Unlike Thomas, Gosling didn’t have much dialogue to wrangle: His character in Only God Forgives speaks even less than his taciturn driver in Drive.
“Silent acting is the oldest form of acting in the world,” Refn says. “But it’s also the hardest to play, because we’re used to using words to make the audience understand what’s happening. Silence makes it much more about interpretation. Because there was so much attention paid to Gosling’s stillness in Drive, there’s this perception that his performance in this movie is just the same thing.
“But Drive was designed entirely around that character’s silence. This one is very different. Ryan and I talked about the idea of a man who is chained to his mother and controlled by her. It’s almost as if she’s put a spell on him and has taken away his willpower. He’s like the sleepwalker in The Cabinet of Dr. Caligari. It’s an extreme and heightened reality.
“People tend to forget that Hamlet is a man who has no will of his own. He’s constantly pushed around by other people who are taking advantage of him. But audiences are used to seeing male protagonists in movies be all about action and decisiveness. That’s what defines the gender. Just because you reverse that doesn’t mean you remove the urgency of the story. It just becomes quiet. Filmmaking has become so traditional and conventional. This movie requires you to engage with it in a different way than most other movies and interpret things for yourself. That’s when art becomes interesting.”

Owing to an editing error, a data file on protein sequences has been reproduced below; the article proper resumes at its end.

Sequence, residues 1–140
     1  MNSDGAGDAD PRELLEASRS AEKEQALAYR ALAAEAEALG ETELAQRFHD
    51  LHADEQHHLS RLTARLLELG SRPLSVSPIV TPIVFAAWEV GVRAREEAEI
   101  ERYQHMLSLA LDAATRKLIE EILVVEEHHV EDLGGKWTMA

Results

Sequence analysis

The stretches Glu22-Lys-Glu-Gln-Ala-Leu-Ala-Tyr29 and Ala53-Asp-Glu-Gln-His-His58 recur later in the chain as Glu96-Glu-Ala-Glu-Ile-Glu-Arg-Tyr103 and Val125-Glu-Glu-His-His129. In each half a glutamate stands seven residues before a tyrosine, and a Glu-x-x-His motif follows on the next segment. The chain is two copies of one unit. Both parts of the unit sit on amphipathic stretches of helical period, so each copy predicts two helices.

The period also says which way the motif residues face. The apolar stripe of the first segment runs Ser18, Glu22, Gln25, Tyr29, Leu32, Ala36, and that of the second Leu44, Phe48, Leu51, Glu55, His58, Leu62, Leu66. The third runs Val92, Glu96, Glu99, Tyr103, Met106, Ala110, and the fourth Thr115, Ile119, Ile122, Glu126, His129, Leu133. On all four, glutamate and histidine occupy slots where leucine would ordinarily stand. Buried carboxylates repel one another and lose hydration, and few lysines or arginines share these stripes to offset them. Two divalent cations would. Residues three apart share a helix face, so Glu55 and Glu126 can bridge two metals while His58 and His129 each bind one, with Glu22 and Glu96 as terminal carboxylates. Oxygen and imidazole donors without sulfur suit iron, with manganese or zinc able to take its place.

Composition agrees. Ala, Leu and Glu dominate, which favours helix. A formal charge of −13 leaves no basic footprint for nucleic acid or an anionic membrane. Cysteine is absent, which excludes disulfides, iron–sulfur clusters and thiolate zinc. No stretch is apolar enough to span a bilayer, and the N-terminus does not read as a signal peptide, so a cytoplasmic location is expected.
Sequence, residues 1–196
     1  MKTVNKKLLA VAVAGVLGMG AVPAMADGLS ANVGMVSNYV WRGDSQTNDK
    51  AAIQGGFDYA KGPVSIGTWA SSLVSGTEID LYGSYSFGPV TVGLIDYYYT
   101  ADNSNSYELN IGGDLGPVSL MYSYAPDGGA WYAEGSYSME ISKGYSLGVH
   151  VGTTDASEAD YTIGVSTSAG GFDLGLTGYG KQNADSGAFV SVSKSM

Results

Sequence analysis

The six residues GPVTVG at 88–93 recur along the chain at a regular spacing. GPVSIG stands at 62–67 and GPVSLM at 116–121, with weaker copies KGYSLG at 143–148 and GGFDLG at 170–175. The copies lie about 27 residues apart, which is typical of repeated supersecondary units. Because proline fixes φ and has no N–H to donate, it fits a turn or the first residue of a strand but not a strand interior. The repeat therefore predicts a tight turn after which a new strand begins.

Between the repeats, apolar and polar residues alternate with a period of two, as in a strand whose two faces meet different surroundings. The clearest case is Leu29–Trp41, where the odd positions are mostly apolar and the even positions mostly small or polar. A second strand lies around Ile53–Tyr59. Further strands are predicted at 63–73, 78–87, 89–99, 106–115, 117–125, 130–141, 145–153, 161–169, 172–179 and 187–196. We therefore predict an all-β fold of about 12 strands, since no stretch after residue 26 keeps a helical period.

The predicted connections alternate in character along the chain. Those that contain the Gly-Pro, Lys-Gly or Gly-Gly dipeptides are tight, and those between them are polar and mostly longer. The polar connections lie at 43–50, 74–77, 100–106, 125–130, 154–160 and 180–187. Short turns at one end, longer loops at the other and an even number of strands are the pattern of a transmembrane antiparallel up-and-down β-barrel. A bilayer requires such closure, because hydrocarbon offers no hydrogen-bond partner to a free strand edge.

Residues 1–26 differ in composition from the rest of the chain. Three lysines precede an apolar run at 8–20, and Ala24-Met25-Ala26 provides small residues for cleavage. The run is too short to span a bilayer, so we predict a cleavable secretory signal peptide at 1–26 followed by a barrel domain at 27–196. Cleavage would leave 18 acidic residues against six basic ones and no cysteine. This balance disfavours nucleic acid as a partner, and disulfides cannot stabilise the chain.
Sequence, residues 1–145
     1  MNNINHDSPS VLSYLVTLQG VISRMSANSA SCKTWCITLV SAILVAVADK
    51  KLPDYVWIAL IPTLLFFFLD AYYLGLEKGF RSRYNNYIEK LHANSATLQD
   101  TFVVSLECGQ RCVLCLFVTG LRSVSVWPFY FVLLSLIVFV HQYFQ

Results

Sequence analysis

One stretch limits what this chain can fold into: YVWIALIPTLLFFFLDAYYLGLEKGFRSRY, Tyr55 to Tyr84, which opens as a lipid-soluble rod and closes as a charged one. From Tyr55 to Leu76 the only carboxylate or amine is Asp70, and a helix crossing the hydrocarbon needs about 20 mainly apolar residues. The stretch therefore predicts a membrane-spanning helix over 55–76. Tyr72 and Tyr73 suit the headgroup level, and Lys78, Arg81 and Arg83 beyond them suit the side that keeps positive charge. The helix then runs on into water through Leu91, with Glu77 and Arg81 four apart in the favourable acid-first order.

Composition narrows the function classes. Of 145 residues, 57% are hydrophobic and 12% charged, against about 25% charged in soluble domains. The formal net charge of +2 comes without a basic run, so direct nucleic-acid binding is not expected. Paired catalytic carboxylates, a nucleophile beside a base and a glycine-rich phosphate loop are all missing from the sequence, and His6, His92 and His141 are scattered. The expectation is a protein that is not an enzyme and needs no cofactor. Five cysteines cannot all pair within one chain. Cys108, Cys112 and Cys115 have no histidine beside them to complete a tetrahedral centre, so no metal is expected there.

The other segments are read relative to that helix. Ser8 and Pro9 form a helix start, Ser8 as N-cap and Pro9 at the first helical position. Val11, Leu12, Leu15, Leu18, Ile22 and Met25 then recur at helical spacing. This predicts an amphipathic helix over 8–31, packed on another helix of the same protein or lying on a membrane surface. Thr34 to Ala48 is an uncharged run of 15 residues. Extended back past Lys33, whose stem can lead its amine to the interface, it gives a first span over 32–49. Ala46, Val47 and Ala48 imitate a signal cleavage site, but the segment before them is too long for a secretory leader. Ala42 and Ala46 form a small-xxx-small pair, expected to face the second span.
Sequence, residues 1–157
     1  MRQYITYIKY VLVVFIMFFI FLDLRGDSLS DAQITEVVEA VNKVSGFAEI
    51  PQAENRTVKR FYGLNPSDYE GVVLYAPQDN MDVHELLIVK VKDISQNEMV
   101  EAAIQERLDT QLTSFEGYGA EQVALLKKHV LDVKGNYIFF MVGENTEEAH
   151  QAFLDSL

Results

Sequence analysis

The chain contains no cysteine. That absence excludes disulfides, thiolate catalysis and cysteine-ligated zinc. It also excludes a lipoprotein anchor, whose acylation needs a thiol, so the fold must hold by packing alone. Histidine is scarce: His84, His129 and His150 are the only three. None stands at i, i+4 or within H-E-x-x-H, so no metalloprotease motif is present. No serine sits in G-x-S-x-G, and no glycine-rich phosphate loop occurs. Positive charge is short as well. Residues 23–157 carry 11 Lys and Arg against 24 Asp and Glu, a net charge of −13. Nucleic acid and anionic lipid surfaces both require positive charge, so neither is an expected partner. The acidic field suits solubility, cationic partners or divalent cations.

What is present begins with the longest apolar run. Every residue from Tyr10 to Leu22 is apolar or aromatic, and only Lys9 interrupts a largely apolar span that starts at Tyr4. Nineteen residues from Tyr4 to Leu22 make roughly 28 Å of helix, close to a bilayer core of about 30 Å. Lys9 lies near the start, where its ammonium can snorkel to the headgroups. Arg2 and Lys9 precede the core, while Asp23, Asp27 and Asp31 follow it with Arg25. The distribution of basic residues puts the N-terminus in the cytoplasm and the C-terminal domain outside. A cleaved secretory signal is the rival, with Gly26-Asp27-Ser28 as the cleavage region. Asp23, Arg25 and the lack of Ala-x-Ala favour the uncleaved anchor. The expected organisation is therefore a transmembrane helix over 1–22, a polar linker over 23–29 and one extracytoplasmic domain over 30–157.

Although there isn’t anything quite as graphic as the elevator scene in Drive, Only God Forgives has moments of hair-raising violence, although a lot of the brutality happens outside the frame this time, making you think you’ve seen more than you did.
Still, there are sequences in which the camera doesn’t look away, including a surreal torture scene inside an elegant karaoke bar that is as hard to watch as the ear slicing in Reservoir Dogs.
“There’s a great satisfaction in watching cinematic violence,” Refn says. “It’s designed in a way that feels like this great release. It arouses us. We fear it, but we also accept it as a savior. It can be very pleasurable or very horrifying. The violence in this film has a sexual aesthetic to it. The character of the policeman is like God walking the Earth, the Old Testament version of God. Even though we’re taught not to enjoy the oldest form of justice, which is an eye for an eye, we’re still rooted in it and take pleasure from it.”